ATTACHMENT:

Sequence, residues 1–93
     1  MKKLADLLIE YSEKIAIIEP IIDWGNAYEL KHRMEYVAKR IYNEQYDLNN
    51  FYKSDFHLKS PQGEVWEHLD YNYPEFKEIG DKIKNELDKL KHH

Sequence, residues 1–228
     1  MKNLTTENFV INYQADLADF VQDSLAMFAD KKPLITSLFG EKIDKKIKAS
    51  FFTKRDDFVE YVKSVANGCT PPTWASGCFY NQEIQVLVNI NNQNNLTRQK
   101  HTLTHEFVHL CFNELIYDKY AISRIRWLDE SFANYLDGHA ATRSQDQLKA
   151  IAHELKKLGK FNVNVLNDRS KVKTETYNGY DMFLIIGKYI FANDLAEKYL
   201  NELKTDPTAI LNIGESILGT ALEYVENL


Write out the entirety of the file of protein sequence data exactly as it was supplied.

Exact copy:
Sequence, residues 1–93
     1  MKKLADLLIE YSEKIAIIEP IIDWGNAYEL KHRMEYVAKR IYNEQYDLNN
    51  FYKSDFHLKS PQGEVWEHLD YNYPEFKEIG DKIKNELDKL KHH

Sequence, residues 1–228
     1  MKNLTTENFV INYQADLADF VQDSLAMFAD KKPLITSLFG EKIDKKIKAS
    51  FFTKRDDFVE YVKSVANGCT PPTWASGCFY NQEIQVLVNI NNQNNLTRQK
   101  HTLTHEFVHL CFNELIYDKY AISRIRWLDE SFANYLDGHA ATRSQDQLKA
   151  IAHELKKLGK FNVNVLNDRS KVKTETYNGY DMFLIIGKYI FANDLAEKYL
   201  NELKTDPTAI LNIGESILGT ALEYVENL